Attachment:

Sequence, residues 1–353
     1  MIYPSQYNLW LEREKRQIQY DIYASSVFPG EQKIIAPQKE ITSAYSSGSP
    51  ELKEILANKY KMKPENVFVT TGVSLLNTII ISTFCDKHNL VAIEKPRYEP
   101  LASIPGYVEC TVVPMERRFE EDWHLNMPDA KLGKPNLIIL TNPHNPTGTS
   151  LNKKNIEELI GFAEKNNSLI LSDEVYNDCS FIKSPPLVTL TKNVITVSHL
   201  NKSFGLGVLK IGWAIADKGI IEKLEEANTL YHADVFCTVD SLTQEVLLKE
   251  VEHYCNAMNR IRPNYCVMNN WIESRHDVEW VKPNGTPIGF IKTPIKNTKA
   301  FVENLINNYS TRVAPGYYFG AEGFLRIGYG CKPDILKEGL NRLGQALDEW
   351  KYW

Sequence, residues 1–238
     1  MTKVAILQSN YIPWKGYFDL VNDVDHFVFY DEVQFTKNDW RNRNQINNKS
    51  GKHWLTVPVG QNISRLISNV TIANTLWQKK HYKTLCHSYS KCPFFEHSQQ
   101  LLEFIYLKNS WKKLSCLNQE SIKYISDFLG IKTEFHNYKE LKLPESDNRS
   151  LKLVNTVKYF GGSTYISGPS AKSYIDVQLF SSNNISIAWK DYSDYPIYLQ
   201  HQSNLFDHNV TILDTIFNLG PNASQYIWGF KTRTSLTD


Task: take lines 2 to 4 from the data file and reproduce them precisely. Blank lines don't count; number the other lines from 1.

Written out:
     1  MIYPSQYNLW LEREKRQIQY DIYASSVFPG EQKIIAPQKE ITSAYSSGSP
    51  ELKEILANKY KMKPENVFVT TGVSLLNTII ISTFCDKHNL VAIEKPRYEP
   101  LASIPGYVEC TVVPMERRFE EDWHLNMPDA KLGKPNLIIL TNPHNPTGTS